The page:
It is fair to say that e-learning design and development is closer to art than to science and it is hard to measure what exactly it takes to develop an interesting, successful and rewarding course. Nevertheless, the process still needs to be timed and budgeted and therefore questions like: How long does it take? or How much does it cost? need a concrete answer.

As an e-learning expert you are aware that you cannot give a straightforward answer to those questions as it depends on the type of learning, the content, the elements it has like multimedia, animation or video, the level of expertise of all the people involved and many other factors.

Thanks to the research carried out by Karl Kapp and Robyn Defelice for ATD (Association for Talent Development) and the one conducted by Bryan Chapman for The Chapman Alliance we can find answers to the following questions. Despite the fact that both surveys were carried out a few years ago the data contained in them is still reliable and can be used for a basis when determining the time and cost of an e-learning module.

How Long Does it Take to Create One Hour of E-Learning?

One hour of e-learning doesn’t sound like a long time so people who are not familiar with the overall process can easily assume that it won’t take much in order to develop it.

The truth, however, is much different. The research study of Bryan Chapman involving 249 organizations indicates that in 2010 the development of instructor-led training (ILT) took anywhere between 22 to 82 hours for 1 hour of training depending on the content, elements and complexity of the course. The development of an e-learning course, however, took much more time.

Chapman has divided the courses into three tiers – Level 1, Level 2 and Level 3 and also defined three types of scope – low range, average and high range. The time to develop a one-hour course for the three ranges of Level 1 is respectively 49, 79 and 125 hours. The time to develop a one-hour e-learning module for Level 2 ranges is respectively 127, 184 and 267, while for Level 3 it stands at 217, 490 and 716 with some respondents even quoting more than 2,000 hours of work per one hour of finished product.

The survey of Karl Kapp and Robyn Defelice differentiates between e-learning developed with and without a template, 3 types of difficulty of the course depending on the elements it contains (animation, interactivity, etc.) and uses two levels – low hours and high hours. The ratio for an e-learning course developed without a template is 93/1 for a text-only course for low hours and 152/1 for high hours. The other two levels are as follows: 122/1 for moderate difficulty for low hours and 186/1 for high hours and 154/1 for high difficulty for low hours and 243/1 for high hours.

The ratios for an e-learning course developed with a template are the following:

  • Limited interactivity; no animations (using software such as Lectora, Captivate, ToolBook, TrainerSoft) – 118/1 for low hours and 365/1 for high hours;
  • Moderate interactivity; limited animations (using software such as Lectora, Captivate, ToolBook, TrainerSoft) – 90/1 for low hours and 240/1 for high hours;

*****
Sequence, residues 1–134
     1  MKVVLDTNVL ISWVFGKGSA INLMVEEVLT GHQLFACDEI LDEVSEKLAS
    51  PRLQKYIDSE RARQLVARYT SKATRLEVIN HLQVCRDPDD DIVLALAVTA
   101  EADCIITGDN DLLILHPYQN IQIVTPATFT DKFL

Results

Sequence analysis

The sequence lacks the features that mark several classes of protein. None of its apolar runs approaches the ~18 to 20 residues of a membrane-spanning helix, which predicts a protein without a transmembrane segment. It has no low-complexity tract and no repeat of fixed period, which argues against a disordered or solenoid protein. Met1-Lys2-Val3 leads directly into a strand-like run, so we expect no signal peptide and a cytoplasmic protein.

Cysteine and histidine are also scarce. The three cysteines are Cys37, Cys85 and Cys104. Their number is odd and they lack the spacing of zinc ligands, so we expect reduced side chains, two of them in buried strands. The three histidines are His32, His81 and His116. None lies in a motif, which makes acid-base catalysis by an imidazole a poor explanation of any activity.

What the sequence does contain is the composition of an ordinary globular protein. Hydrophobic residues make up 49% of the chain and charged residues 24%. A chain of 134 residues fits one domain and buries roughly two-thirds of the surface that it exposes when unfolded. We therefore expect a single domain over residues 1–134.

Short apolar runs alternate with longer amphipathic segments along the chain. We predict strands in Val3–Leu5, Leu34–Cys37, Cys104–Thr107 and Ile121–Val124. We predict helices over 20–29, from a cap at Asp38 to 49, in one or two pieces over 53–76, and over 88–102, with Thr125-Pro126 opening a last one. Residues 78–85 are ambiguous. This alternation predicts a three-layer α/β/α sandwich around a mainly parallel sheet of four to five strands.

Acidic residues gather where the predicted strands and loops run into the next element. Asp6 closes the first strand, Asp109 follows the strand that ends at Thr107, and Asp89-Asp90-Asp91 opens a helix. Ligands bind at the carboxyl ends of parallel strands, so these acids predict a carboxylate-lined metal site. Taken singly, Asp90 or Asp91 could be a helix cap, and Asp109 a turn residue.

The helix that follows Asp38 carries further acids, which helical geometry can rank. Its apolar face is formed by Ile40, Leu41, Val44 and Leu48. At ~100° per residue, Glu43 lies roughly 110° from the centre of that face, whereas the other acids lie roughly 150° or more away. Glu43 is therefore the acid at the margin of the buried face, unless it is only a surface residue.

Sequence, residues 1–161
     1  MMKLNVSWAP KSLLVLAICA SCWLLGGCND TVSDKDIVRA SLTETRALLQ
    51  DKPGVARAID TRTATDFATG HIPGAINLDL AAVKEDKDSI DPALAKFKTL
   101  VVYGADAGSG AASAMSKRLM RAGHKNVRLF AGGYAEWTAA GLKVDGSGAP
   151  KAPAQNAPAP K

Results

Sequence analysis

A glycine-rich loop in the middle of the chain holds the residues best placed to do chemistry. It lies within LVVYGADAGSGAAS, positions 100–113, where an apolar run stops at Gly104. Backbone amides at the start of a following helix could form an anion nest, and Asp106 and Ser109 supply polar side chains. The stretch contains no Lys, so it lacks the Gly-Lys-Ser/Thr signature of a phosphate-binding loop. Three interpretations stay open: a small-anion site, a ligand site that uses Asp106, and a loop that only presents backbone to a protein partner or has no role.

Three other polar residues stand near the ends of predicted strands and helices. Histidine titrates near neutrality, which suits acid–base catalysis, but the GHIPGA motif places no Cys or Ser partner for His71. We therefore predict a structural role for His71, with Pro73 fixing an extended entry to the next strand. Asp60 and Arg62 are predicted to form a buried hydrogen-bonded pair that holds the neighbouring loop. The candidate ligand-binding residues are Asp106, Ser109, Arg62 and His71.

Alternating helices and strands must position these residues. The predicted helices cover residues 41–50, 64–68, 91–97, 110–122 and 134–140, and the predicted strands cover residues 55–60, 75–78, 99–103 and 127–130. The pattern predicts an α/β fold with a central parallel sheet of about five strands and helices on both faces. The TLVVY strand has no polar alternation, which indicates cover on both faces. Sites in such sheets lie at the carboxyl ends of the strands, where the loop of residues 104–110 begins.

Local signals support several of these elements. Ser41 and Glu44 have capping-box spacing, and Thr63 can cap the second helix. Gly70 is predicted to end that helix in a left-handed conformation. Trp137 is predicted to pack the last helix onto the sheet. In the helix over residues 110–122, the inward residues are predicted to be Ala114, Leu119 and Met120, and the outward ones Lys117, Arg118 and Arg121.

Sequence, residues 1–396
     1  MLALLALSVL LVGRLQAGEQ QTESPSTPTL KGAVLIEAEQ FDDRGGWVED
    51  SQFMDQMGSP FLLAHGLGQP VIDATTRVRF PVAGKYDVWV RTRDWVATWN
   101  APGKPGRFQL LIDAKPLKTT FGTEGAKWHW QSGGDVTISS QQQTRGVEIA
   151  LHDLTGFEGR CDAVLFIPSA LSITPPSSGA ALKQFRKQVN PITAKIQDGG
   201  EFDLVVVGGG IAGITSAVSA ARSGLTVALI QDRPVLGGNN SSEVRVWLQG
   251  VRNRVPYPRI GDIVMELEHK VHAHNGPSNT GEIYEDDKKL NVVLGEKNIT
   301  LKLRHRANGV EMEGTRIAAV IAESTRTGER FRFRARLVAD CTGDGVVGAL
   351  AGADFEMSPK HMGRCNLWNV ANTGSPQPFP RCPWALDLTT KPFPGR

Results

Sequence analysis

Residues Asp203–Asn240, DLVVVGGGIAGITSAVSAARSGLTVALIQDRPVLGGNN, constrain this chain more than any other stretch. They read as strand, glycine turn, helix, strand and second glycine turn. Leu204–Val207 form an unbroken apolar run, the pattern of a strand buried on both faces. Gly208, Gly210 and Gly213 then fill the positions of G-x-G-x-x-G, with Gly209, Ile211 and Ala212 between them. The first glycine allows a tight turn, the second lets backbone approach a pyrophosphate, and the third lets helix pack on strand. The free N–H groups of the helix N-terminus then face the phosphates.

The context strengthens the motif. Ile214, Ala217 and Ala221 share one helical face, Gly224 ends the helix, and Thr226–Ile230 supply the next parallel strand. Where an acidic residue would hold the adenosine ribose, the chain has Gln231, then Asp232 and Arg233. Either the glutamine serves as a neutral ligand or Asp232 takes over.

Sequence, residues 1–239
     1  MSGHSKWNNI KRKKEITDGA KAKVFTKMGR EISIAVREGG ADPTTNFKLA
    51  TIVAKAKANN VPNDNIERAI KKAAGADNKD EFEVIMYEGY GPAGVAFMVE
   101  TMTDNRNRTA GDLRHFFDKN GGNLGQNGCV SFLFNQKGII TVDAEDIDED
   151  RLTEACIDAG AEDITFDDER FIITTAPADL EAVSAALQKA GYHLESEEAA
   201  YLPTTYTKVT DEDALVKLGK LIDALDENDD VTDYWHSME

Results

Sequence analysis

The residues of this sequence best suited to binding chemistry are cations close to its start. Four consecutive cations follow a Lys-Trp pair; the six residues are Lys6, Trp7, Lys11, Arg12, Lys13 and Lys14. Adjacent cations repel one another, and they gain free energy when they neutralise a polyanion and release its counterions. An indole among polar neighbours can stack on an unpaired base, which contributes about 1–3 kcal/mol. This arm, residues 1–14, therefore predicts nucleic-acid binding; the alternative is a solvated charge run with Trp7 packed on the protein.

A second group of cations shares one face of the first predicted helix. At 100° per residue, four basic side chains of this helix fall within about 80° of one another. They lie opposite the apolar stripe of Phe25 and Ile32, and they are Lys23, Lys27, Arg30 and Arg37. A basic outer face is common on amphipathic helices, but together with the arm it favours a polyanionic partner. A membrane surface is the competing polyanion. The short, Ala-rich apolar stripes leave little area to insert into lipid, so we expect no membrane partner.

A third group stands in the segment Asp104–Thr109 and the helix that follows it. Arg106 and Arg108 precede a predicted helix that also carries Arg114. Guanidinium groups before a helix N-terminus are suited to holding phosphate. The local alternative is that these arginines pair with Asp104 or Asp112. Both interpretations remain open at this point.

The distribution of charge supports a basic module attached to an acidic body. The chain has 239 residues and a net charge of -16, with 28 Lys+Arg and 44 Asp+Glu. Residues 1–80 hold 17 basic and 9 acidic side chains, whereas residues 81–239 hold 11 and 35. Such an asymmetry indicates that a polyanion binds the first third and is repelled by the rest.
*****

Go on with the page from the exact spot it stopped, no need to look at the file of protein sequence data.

• High interactivity; multiple animations (using software such as Lectora, Captivate, ToolBook, TrainerSoft)- 136/1 for low hours and 324/1 for high hours;
  • Limited interactivity; no animations (using software such as Articulate) – 73/1 for low hours and 116/1 for high hours;
  • Moderate interactivity; limited animations (using software such as Articulate) – 97/1 for low hours and 154/1 for high hours;
  • High interactivity; multiple animations (using software such as Articulate) – 132/1 for low hours and 214/1 for high hours.

It is obvious that e-learning creation is a time-consuming job, especially when you want it done properly and therefore planning the training course for a company should start early.

What Factors Prolong the Process?

Time-consuming as it is, e-learning development can be further delayed by several factors, such as:

  • Poor time management and lack of responsibility by the client – this includes untimely provision of materials, delay in the review of elements that are already made, unavailability of the project coordinator, etc.;
  • Organizational changes that may occur both in the contracting company and in the company developing the course;
  • Issues with technology – lack of knowledge how to work with the e-learning software tools or incompatible technology used by the developers and the client, etc.

How can we reduce the time? The answer to this question is simple – by improving the communication between the parties. As e-learning experts you have to spend time orientating the client about the process and help them set realistic expectations in terms of time, conditions and costs.

How Much Does One Hour of E-Learning Cost?

Here comes the answer to the most important question – how much will the e-learning course cost? The promised answer is given again in the survey conducted by Bryan Chapman and depends on the level of difficulty of the respective course. Bear in mind that the figures relate to the year of 2010.

  • The average cost per 1 hour of Level 1 e-learning course is $10,054
  • The average cost per 1 hour of Level 2 e-learning course is $18,583
  • The average cost per 1 hour of Level 3 e-learning course is $50,371

Obviously, if you strive for perfection and want to deliver a high-quality e-learning course, you should be ready to pay the price.

TIP: Outsource your Corporate E-Learning Development

There are many reasons why outsourcing corporate e-learning is a smart move, especially when you find the right e-learning partner. The most important of all are:

  • It is cost efficient
  • It is time-saving
  • You can rely on the knowledge of e-learning experts
  • It makes e-learning localization easier
  • It entails higher employee engagement and productivity

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